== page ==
29.9 C
Niagara Falls
Wednesday, June 19, 2024
Letter: Town needs to control spending now

Dear editor:

As the COVID-19 curve in Canada begins to flatten, our federal, provincial and municipal leaders should be commended for their efforts to manage the crisis. It has been a very tough six weeks for them, as well as for the front-line people who work in our hospitals; seniors’ facilities; police, fire and paramedic services; grocery stores and pharmacies, etc. I’d like to thank each and every one of you, and your families, for all you have done for us.

In these challenging times, NOTL town councillors likely have not given much thought to municipal taxation levels. That’s understandable, although I was dismayed to learn that Council has approved $1.5 million in new spending for two streetscape projects (The Lake Report, April 23). This decision, made at a time when the town’s financial future is uncertain and NOTL is concerned about the decline in parking and other revenues, will almost certainly lead to tax increases down the road.

The timing of the decision, as well as the requirement for it to be made now, is terrible. Stock markets around the world have suffered huge losses. Mutual fund values and interest rates have plunged. How long it will take for them to rebound after the pandemic ends is unclear. Yet they are the primary sources of retirement income for many NOTL residents.

Even when things return to a semblance of normal, it may be challenging for local residents and businesses to cope with day-to-day expenses, let alone the tax increases we can anticipate as governments at all levels attempt to bring their debt and deficits under control.

Council should postpone major spending decisions until there is more certainty about what the future holds, and there is clarity around what funding support, if any, will be available from the provincial and federal governments to help municipalities recover from financial shortfalls related to COVID-19. The town needs a better understanding of its post-pandemic balance sheet and future revenue streams, as well as a plan to move forward from where we are today, before it invests significant dollars in nonessential infrastructure. Especially when that spending will result in ongoing maintenance costs and almost certainly municipal tax increases.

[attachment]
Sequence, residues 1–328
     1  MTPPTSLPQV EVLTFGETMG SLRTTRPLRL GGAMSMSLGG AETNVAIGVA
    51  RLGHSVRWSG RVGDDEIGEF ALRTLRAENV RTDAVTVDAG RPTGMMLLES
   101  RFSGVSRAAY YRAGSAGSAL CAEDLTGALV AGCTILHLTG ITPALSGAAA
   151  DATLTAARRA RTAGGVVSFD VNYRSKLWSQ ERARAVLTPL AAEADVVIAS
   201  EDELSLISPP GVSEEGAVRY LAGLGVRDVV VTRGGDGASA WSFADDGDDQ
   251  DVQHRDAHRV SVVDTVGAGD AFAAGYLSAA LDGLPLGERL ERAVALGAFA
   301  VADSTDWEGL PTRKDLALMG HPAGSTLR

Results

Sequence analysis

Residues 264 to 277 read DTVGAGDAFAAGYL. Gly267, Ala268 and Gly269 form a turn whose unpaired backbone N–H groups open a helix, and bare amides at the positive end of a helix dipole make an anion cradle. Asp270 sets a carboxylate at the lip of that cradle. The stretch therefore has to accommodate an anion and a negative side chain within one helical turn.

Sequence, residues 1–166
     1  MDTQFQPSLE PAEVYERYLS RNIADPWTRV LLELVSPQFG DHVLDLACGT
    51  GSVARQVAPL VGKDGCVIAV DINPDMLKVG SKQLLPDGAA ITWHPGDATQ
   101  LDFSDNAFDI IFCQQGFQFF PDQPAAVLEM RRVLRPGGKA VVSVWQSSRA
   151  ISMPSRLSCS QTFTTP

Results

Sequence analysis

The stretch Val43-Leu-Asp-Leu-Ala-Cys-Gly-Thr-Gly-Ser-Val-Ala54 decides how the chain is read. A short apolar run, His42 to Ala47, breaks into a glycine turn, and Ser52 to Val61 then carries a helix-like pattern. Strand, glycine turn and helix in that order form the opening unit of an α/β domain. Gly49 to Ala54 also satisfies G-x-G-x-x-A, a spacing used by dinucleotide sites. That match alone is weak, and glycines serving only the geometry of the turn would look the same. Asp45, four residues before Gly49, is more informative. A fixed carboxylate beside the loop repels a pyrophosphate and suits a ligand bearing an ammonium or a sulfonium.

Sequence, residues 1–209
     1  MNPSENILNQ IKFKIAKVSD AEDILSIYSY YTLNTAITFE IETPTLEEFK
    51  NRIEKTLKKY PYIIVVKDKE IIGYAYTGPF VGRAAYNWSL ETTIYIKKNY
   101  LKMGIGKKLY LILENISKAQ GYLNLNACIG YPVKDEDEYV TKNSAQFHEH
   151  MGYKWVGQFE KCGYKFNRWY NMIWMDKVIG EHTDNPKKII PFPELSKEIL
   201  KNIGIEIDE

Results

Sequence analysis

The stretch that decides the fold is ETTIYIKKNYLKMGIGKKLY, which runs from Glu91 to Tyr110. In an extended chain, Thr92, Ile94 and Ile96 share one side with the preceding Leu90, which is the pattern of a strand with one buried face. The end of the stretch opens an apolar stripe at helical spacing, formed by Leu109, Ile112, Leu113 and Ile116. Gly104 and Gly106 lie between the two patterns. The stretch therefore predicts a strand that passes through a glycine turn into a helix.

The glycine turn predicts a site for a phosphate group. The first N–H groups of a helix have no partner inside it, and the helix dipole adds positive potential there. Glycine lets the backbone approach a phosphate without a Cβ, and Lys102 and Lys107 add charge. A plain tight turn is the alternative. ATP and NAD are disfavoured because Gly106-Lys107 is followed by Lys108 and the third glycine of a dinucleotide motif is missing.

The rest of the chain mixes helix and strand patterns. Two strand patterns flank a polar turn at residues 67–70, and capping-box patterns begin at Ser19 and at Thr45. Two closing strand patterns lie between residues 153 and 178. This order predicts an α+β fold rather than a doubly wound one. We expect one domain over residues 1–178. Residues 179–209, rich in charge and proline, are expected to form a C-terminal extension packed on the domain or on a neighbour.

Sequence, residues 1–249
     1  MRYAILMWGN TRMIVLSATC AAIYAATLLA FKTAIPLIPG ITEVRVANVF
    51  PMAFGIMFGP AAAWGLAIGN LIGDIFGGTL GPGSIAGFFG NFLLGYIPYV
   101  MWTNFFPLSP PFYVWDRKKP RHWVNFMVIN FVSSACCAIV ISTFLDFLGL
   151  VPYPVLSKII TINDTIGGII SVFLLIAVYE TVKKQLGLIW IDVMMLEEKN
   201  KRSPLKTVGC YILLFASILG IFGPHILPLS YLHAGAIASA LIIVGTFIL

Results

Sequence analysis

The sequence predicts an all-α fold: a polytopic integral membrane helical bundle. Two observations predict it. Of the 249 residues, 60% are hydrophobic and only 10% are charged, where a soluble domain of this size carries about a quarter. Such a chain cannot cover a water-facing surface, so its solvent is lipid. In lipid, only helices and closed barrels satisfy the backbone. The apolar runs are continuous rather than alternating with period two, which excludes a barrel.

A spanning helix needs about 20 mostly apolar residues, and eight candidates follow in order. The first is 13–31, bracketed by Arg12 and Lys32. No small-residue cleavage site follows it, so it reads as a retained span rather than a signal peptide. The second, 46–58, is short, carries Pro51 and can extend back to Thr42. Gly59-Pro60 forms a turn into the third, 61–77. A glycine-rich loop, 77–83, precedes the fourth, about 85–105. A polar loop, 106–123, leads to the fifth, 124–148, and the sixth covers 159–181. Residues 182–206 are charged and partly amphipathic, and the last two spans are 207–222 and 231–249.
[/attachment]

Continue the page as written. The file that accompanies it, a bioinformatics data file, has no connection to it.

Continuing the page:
Part of the town’s plan could – and I believe should – include implementing an accommodation tax in NOTL. If it is still available, the town could also seek federal and provincial funding for the establishment of a business improvement area (BIA).

It’s unrealistic to expect residents and businesses to continue paying the bulk of the costs town incurs to maintain local infrastructure when the requirement for maintenance stems in large part from the wear and tear caused by the millions of tourists who come here each year. Transferring some of those costs to tourists is both fair and reasonable.

Prior to the COVID-19 crisis, Niagara-on-the-Lake offered tourists a unique visitor experience. We can only hope that this will continue to hold true when the pandemic ends – that our wineries, restaurants, hotels, B&Bs, shops, historic sites, theatres and other businesses will be able to resume normal operations, and that people from around the world will resume coming here to experience them.

That said, when the COVID-19 pandemic is finally over, I believe town should also consider the inherent risks of NOTL relying so heavily on tourism to fuel the local economy. I’d like to see our town become a self-sustaining community focussed on meeting the needs of its residents and local businesses, including farmers, along with visitors. A day when the short-term and vacation rentals that have become common in NOTL become family homes, occupied throughout the year, and when Queen Street includes a mix of shops that appeals to both residents and tourists.

As the local volunteers who have diligently made protective masks, gowns and face shields over the past several weeks have demonstrated so clearly, the heart of NOTL – what makes it so wonderful to live here – is ts residents.

Terry Davis


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